Helicobacter pylori and ischemic heart disease.
ABSTRACT In the last years, a considerable number of studies have been performed on the relationship between infection from Helicobacter Pylori and atherosclerotic diseases, like stroke and ischemic heart disease. In particular, some infections could have a role on the genesis and development of damage to the vascular wall and of atheromatous plaque. It has been suggested that HP could influence the development of IHD through different pathways, such as endothelial cells colonization, changes in the lipid profiles, increased coagulation and platelet aggregation levels, induction of molecular mimicry mechanisms and the promotion of a low-grade systemic inflammation. Based on this hypothesis, it has been performed a considerable number of studies in order to investigate the role of HP in the development and pathogenesis of CAD. Most of this trials gave conflicting results, some denying the presence of a possible relationship between HP infection and increased risk of CAD. Despite of that, results from these studies have raised new interesting perspectives on coronary heart disease, especially regarding the possibility of modifying the clinical history of the disease through eradication of these microorganisms. The results are contradictory and require further investigation.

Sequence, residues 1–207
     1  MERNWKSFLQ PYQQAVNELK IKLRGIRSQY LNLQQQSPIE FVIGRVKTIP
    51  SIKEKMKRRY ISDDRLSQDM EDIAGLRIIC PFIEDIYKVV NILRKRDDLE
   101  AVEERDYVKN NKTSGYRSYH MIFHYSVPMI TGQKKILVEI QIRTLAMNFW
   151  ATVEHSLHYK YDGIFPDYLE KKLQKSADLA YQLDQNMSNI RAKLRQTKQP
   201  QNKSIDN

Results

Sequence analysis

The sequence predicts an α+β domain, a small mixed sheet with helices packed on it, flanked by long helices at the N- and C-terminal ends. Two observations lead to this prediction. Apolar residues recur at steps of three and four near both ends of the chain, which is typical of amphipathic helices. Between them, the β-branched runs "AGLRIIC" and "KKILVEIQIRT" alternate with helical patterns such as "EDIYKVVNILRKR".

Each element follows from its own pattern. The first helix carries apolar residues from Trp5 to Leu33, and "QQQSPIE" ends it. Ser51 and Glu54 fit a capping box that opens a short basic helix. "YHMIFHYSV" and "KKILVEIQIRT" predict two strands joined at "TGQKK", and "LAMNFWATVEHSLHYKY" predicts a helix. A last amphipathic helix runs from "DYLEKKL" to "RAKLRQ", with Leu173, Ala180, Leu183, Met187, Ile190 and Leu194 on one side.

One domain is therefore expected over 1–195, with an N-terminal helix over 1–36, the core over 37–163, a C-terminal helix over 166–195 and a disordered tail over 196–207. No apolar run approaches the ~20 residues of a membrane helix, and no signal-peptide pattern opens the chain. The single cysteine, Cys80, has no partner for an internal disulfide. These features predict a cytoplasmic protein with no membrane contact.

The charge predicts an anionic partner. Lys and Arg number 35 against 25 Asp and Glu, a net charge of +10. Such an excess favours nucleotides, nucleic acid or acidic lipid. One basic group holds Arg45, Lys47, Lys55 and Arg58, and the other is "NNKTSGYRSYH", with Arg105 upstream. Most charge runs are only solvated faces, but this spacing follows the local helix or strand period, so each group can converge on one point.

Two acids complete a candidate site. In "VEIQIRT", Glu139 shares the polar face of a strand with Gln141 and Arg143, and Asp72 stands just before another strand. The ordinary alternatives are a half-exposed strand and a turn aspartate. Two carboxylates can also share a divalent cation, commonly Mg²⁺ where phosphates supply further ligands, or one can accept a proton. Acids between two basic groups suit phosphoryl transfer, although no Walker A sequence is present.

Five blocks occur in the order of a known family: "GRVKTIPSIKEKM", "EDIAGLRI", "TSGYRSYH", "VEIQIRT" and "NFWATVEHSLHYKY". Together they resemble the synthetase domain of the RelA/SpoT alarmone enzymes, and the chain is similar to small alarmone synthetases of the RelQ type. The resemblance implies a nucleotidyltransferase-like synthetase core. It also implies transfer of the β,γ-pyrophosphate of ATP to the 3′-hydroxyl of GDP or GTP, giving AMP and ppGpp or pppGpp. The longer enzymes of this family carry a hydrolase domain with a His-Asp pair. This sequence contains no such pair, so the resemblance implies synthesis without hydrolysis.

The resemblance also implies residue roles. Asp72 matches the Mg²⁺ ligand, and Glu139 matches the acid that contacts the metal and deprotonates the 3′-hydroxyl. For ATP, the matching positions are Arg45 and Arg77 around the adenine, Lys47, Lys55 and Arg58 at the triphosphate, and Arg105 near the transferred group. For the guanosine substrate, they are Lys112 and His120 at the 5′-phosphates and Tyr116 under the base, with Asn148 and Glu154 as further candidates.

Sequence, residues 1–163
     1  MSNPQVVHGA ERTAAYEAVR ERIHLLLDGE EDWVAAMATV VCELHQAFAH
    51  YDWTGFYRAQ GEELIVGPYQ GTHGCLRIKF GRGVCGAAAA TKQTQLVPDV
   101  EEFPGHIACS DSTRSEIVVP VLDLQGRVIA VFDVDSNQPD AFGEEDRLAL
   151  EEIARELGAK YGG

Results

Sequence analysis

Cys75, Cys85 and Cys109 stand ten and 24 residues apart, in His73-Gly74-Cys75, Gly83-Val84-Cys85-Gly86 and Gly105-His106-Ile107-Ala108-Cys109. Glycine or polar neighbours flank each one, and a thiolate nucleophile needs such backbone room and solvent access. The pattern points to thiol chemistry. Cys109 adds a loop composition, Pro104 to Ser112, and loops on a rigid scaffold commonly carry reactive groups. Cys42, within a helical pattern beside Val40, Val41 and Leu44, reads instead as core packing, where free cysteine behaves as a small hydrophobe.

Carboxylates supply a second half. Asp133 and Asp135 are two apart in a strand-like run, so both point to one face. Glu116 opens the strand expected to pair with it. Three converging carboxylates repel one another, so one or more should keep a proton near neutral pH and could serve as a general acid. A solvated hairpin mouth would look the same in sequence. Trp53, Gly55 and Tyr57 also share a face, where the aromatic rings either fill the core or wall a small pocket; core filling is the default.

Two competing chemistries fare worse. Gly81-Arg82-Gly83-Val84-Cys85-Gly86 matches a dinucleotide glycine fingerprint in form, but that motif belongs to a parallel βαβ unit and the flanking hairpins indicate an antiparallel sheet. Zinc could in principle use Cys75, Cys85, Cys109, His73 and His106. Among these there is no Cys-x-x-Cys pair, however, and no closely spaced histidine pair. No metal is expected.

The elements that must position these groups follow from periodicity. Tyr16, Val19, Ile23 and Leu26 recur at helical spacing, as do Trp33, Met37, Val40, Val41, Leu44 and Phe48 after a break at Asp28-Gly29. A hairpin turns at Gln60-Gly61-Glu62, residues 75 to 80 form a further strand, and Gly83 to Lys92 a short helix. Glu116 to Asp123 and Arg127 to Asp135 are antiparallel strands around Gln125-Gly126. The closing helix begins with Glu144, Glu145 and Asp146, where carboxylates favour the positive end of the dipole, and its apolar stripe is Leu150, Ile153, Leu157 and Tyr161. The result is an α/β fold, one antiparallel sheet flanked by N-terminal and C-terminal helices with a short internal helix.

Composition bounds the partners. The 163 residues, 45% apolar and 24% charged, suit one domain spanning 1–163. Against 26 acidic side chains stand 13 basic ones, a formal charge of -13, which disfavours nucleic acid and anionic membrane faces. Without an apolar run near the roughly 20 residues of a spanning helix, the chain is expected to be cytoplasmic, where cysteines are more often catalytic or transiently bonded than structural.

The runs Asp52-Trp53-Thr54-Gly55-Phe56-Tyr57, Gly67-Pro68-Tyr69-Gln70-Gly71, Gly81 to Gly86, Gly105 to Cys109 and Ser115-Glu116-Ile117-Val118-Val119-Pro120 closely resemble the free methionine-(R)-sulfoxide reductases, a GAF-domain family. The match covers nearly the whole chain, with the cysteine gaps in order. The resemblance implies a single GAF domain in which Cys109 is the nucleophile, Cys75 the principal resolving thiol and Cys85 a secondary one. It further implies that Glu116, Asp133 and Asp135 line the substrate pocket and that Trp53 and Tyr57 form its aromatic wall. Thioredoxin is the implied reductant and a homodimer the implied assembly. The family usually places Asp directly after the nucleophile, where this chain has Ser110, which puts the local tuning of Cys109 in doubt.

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ABSTRACT: To investigate the relationship between Helicobacter pylori (H. pylori) seropositivity and the presence of microalbuminuria. Between December 2003 and February 2010, asymptomatic individuals who visited the Seoul National University Healthcare System Gangnam Center for a routine check-up and underwent tests for H. pylori immunoglobulin G antibodies and urinary albumin to creatinine ratio (UACR) were included. All study subjects completed a structured questionnaire, anthropometric measurements and laboratory tests. Anti-H. pylori immunoglobulin G was identified using an enzyme-linked immunosorbent assay kit. A random single-void urine sample, collected using a clean-catch technique, was obtained to determine the UACR. The presence of microalbuminuria was defined as a UACR from 30 to 300 μg/mg. The presence of diabetes mellitus (DM) was defined as either a fasting serum glucose level greater than or equal to 126 mg/dL or taking anti-diabetic medication. Multiple logistic regression analysis was performed to identify the risk factors. The dependent variable was microalbuminuria, and the independent variables were the other study variables. A total of 2716 subjects (male, 71.8%; mean age, 54.9 years) were included. Among them, 224 subjects (8.2%) had microalbuminuria and 324 subjects (11.9%) had been diagnosed with DM. Subjects with microalbuminuria had a significantly higher H. pylori seropositivity rate than subjects without microalbuminuria (60.7% vs 52.8%, P = 0.024). Multivariate analysis after adjustment for age, body mass index (BMI), waist circumference, and glucose and triglyceride levels showed that H. pylori seropositivity was significantly associated with microalbuminuria [odds ratio (OR), 1.40, 95% CI, 1.05-1.89, P = 0.024]. After the data were stratified into cohorts by glucose levels (≤ 100 mg/dL, 100 mg/dL < glucose < 126 mg/dL, and ≥ 126 mg/dL or history of DM), H. pylori seropositivity was found to be significantly associated with microalbuminuria in diabetic subjects after adjusting for age, BMI and serum creatinine level (OR, 2.21, 95% CI, 1.20-4.08, P = 0.011). In addition, the subjects were divided into five groups. Those without microalbuminuria (an UACR of < 30 μg/mg) were divided into four groups in accordance with their UACR values, and subjects with microalbuminuria comprised their own group. Notably, H. pylori seropositivity gradually increased with an increase in UACR (P = 0.001) and was highest in subjects with microalbuminuria (OR, 2.41, 95% CI, 1.14-5.11). This suggests that H. pylori seropositivity is positively associated with microalbuminuria in diabetic subjects. H. pylori seropositivity was independently associated with microalbuminuria, and the prevalence of H. pylori seropositivity was associated with the severity of UACR in diabetic subjects.World Journal of Gastroenterology 01/2013; 19(1):97-102. · 2.55 Impact Factor